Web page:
> On 2008-08-31 23:26, Mark Andrews wrote:
> > Jefferson Ogata wrote [attribution restored]:
> >> The
> >> attack could be partly mitigated on nameservers that allow ~2^16
> >> outstanding requests if the victim nameserver can reuse randomly chosen,
> >> already open sockets for multiple successive requests once ~2^16 ports
> >> are bound.
> >>

> > You still need to randomly select ports and randomly select
> > txid. When you have a collision you just need to repick
> > one and/or the other. A port collision alone lets you use
> > a existing socket.

>
> I believe I considered that possibility in the above part of my comment.
> The question in that case remains: does any existing resolver that
> supports source port randomization actually do this?
>
> > For queries to another server you just set SO_REUSEADDR
> > when you have a port collision with a port you already have
> > open as the existing one is in a connected state. If it
> > is a port that is not already in use you don't set SO_REUSEADDR
> > so you detect collisions with other applications.

>
> I don't see why you need SO_REUSEADDR. Why not simply leave the UDP port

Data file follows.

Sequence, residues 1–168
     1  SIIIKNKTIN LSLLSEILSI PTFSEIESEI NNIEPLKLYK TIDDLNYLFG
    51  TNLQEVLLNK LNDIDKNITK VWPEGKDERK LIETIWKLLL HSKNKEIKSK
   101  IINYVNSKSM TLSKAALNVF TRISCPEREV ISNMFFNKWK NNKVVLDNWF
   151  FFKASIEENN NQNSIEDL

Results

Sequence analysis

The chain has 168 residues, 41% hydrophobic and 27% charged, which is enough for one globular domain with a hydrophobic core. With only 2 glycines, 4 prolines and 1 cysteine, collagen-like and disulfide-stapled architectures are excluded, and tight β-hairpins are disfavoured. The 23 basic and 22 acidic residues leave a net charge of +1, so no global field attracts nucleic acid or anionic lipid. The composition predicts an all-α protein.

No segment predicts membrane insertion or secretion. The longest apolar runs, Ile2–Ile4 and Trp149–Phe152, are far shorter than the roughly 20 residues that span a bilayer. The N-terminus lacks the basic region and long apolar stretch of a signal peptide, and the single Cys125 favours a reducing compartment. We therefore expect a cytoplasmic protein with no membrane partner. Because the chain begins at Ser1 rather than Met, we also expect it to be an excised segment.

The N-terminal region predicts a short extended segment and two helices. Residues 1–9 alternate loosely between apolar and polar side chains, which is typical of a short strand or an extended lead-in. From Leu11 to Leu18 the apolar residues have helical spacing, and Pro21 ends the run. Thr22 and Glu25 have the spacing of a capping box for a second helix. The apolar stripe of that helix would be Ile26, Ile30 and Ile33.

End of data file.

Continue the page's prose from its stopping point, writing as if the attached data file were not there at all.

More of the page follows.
> unconnected and use sendto in the first place?


Because you really want to have the kernel do the initial
filtering of responses. You don't want your recursive
server seeing every stray UDP packet being sent to you.
With the amount of malware out there that is trying to get
in over UDP your recursive server will be getting lots of
noise if you randomly choose such a port. Connected sockets
don't interfere with other uses of UDP (e.g. traceroute).
You can't probe to see what ports are in use by the recursive
server without making the server actually make queries to
you.

Mark

> --
> Jefferson Ogata : Internetworker, Antibozo
>
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--
Mark Andrews, ISC
1 Seymour St., Dundas Valley, NSW 2117, Australia
PHONE: +61 2 9871 4742 INTERNET: Mark_Andrews@isc.org

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